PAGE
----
Creative Development

Creative Development

Creative Development

To enable the children to express their ideas and feelings and to promote the development of the imagination.

To provide a stimulating environment and to value originality, creativity and expressiveness.

To provide a wide range of activities that children can respond to by using their senses, developing ideas and expressing those ideas in a wide variety of ways.

To use resources from a variety of cultures to stimulate different ways of thinking.

To accommodate children’s cultural or religious beliefs relating to forms of art or methods of representation.

To provide children with sensory impairment with opportunities to experience and respond to different stimuli (e.g. sounds, objects) in a variety of ways.

The children will have opportunities to explore a wide range of materials and media which will enable them to begin to appreciate and understand the many different forms and purposes that creative activity covers.
Operating Policy
Programmes of work will be planned for each area of creative development.

The children will have access to, and opportunities to handle, equipment covering a variety of techniques and interpretations.

They will be encouraged to explore freely by themselves, with peers, and with sensitive adult input, in order to extend the knowledge and skills required to make informed choices and develop a personal interpretation.

Planning, recording and assessment
Topic planning takes place on a monthly or half-term basis. Activity planning occurs on a weekly or daily basis. The topic planning and activity planning sheets used by the nursery are laid out to identify each of the areas of learning in the ‘Early Learning Goals’ document. This ensures that Creative Development is considered whenever a topic or activity is planned.

Staff are able to observe the children and records of such observations can be made on the children’s personal profile sheets or on activity record sheets.

Samples of the children’s work which relate to Creative Development are kept in the child’s individual folder as appropriate.

Assessment is carried out through a mixture of informal observation, interaction with the child, the use of the information on record sheets and discussion during regular staff meetings. The information gathered during the assessment process is then used for future planning of activities for each child.

Information gained through recording and assessment will be shared with parents, other school staff and outside agencies as appropriate.

Programme of Work
The programmes of work will be based on a mixture of general and topic activities. These will be planned to ensure a broad and varied experience is provided for the children.

The children will have opportunities to explore in an open-ended manner the properties of a wide range of materials/media. The staff will bear in mind that it is the process, and not the end product, which aids creative development.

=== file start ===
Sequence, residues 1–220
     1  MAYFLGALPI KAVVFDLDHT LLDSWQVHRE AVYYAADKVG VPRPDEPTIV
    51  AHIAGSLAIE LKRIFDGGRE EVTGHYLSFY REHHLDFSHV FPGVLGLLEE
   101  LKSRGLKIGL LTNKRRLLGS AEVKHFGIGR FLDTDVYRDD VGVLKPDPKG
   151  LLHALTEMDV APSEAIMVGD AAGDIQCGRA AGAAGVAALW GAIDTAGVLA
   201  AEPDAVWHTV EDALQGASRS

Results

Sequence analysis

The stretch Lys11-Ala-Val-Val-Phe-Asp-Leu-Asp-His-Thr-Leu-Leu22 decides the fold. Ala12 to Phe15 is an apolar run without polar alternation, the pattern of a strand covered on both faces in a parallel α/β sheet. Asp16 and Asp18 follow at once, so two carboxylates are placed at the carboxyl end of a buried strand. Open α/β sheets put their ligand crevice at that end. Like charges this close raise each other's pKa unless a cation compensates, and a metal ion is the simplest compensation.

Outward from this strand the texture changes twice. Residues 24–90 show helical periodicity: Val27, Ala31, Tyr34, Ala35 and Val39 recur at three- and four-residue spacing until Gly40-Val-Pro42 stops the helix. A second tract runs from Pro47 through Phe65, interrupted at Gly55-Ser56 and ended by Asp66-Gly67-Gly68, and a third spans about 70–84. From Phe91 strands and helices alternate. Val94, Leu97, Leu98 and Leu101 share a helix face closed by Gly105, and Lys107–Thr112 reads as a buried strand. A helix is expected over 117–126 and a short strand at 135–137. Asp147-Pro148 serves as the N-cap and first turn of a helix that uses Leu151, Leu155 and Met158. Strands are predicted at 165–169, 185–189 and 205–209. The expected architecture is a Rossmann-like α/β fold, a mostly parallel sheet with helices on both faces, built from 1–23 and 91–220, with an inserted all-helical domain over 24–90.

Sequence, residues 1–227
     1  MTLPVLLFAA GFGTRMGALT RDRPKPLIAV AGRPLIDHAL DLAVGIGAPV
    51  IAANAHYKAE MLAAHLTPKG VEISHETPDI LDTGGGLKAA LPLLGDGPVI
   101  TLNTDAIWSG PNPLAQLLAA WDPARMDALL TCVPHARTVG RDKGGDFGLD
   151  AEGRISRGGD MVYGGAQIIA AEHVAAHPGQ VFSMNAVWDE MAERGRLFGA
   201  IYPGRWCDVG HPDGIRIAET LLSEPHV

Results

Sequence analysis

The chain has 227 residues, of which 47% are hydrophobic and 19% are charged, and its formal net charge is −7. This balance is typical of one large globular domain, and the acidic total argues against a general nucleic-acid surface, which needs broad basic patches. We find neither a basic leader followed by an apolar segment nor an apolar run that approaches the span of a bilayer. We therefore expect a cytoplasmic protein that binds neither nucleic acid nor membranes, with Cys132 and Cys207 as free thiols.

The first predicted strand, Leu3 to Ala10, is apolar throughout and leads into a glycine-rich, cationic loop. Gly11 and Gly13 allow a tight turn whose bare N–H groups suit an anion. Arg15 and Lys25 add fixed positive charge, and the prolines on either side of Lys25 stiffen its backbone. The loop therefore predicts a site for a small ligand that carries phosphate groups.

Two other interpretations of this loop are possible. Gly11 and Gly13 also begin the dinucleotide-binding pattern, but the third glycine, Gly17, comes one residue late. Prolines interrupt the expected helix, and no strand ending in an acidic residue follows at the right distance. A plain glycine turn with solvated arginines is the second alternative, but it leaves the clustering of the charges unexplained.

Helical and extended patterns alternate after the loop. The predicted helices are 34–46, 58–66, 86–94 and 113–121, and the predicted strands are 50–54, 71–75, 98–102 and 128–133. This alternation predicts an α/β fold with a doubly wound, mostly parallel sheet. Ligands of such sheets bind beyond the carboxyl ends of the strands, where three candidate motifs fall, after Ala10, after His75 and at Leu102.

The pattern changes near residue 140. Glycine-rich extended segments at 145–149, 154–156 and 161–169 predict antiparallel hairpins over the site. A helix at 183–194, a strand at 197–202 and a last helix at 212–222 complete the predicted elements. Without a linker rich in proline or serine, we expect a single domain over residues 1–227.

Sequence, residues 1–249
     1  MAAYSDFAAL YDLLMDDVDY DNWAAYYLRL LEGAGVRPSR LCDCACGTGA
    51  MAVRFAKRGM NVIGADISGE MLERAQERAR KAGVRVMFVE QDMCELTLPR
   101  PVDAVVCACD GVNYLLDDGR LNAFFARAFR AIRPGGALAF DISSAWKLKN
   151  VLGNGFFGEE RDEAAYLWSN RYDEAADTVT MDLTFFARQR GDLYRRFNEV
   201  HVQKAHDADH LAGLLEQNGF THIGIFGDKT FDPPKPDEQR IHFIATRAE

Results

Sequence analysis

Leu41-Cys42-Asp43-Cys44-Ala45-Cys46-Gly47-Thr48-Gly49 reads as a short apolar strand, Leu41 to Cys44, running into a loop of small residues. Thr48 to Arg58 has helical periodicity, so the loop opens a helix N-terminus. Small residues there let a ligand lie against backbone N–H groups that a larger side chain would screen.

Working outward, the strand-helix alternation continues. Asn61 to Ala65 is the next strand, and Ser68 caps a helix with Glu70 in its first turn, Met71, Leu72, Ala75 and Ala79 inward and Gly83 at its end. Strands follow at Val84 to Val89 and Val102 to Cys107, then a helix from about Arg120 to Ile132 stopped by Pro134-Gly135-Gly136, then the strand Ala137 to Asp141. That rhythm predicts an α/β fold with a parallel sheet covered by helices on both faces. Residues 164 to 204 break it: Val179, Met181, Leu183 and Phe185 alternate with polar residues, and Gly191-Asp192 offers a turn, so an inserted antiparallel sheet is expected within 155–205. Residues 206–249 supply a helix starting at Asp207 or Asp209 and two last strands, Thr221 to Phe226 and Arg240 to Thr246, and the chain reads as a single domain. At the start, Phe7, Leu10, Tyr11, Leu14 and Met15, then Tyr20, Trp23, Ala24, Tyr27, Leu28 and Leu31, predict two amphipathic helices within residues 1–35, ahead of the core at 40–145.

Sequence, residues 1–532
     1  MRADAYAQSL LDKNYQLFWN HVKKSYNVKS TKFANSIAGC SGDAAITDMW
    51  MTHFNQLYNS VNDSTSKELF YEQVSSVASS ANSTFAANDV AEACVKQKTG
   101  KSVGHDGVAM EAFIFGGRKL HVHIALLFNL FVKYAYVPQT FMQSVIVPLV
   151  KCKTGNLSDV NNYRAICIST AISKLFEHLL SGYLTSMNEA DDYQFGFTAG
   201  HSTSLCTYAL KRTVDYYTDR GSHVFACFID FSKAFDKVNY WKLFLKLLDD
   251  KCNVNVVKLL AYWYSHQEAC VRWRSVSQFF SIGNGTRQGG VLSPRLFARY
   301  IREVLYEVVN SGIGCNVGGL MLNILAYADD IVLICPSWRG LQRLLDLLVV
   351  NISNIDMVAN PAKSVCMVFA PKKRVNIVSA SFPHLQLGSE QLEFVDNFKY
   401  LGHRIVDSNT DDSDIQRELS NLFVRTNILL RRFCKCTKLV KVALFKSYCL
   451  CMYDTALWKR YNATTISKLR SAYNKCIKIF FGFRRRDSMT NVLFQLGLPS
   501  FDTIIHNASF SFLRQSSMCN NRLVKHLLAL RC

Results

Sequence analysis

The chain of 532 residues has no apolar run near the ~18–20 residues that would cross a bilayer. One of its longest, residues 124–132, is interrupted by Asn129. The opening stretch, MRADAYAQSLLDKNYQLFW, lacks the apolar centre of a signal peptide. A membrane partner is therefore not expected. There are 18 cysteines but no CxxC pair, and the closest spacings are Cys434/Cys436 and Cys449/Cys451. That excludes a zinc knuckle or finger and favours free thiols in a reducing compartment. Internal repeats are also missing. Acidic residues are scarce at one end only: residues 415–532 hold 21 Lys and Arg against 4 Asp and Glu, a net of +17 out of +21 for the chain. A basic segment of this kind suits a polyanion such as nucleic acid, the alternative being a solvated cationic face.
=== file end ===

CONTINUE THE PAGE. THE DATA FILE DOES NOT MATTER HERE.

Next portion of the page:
Exploring Media and Materials:

  • Activities allowing children to explore and make objects using a wide variety of materials including play-doh, clay, plasticine, soap flake mix, soap snow, corn flour mix, wet and dry sand, and moulding sand.
  • Collage activities such as collaged shapes, texture collage, paper collage, paper sculpture, paper bag puppets, paper plate faces, kites, hats, snakes, stained glass, sand collage, cardboard, badges, slot and slit shapes, glasses, nature garden, and junk models.
  • Drawing activities using chalk, charcoal, pastels, rubbings, felt-tips, crayon and wax resist templates, carbon copies, and aqua crayons.
  • Painting activities using a variety of techniques including finger painting, powder paint in shakers, spray paints, squeeze bottle paints, paint and scrape, block painting, butterfly pictures, twig painting, roller bottle painting, stencilling, marbling, bubbles painting, brush painting, and dyeing.
  • Printing activities including foot prints, hand prints, clay prints, hand and knuckle prints, fruit and vegetables, balloons, roller prints, card prints, ball prints, mesh dab prints, leaf prints, sponge prints, shoe prints, and car rolling.


  • Individual free play with musical instruments.
  • Group free play with musical instruments.
  • Moving to music.
  • Listening to live musicians.
  • Listening to recorded music.
  • Listening to music from a variety of cultures.
  • Discussion of feelings which result from different types of music.
  • Singing.
  • Musical accompaniment to stories.


  • Dressing-up games.
  • Home corner.
  • Role plays with shops, post offices, doctor’s surgery etc.
  • Imaginative play with dolls and models.
  • Acting out and expanding on stories.
  • Individual and group discussions about ‘what happened next’ at the end of a story.

Responding to experiences/Expressing and communicating ideas

  • Individual discussion.
  • Group discussion.
  • Painting and drawing.
  • Model making.
  • Role play.
  • Playing musical instruments and singing.